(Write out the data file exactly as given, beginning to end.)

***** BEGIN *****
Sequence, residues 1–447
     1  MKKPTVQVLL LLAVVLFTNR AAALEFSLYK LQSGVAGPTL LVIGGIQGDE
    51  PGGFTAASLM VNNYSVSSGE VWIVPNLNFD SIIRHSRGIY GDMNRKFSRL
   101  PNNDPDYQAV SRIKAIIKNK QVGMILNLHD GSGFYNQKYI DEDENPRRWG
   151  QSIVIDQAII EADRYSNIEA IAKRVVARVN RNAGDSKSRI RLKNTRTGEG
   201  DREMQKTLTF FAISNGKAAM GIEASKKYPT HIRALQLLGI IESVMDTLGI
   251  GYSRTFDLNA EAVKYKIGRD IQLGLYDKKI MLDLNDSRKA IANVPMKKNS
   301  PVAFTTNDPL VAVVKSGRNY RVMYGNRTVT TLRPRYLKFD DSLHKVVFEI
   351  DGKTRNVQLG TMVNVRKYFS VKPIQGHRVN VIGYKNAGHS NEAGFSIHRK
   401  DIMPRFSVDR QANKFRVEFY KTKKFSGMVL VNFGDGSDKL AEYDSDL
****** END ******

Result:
Sequence, residues 1–447
     1  MKKPTVQVLL LLAVVLFTNR AAALEFSLYK LQSGVAGPTL LVIGGIQGDE
    51  PGGFTAASLM VNNYSVSSGE VWIVPNLNFD SIIRHSRGIY GDMNRKFSRL
   101  PNNDPDYQAV SRIKAIIKNK QVGMILNLHD GSGFYNQKYI DEDENPRRWG
   151  QSIVIDQAII EADRYSNIEA IAKRVVARVN RNAGDSKSRI RLKNTRTGEG
   201  DREMQKTLTF FAISNGKAAM GIEASKKYPT HIRALQLLGI IESVMDTLGI
   251  GYSRTFDLNA EAVKYKIGRD IQLGLYDKKI MLDLNDSRKA IANVPMKKNS
   301  PVAFTTNDPL VAVVKSGRNY RVMYGNRTVT TLRPRYLKFD DSLHKVVFEI
   351  DGKTRNVQLG TMVNVRKYFS VKPIQGHRVN VIGYKNAGHS NEAGFSIHRK
   401  DIMPRFSVDR QANKFRVEFY KTKKFSGMVL VNFGDGSDKL AEYDSDL